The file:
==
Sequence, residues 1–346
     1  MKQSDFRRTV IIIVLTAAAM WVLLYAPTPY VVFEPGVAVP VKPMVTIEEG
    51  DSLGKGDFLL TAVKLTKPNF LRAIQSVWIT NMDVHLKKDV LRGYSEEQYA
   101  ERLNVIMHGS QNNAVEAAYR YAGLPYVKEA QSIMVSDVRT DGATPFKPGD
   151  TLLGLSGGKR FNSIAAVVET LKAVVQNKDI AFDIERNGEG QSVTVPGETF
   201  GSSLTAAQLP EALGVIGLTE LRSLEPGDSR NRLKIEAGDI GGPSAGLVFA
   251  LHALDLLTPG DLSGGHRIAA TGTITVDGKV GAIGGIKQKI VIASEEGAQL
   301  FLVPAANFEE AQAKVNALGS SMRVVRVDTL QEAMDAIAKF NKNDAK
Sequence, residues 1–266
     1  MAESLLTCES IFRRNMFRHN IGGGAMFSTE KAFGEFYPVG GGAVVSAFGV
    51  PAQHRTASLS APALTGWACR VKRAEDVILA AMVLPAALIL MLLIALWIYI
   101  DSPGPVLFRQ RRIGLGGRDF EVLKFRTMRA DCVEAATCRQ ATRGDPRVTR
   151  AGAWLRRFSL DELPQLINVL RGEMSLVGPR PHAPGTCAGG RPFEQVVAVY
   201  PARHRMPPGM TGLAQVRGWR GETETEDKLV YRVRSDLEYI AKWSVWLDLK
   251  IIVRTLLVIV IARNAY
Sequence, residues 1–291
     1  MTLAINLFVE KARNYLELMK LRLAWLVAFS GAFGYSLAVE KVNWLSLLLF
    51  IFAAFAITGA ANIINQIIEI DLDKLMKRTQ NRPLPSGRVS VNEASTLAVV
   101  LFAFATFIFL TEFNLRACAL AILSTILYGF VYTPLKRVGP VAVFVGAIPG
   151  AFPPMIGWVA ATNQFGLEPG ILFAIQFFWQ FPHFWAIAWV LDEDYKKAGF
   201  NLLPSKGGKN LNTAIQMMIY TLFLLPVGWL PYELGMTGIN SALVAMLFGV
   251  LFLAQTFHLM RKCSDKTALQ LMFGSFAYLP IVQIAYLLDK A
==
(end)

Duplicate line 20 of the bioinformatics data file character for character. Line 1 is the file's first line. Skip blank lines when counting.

   151  AFPPMIGWVA ATNQFGLEPG ILFAIQFFWQ FPHFWAIAWV LDEDYKKAGF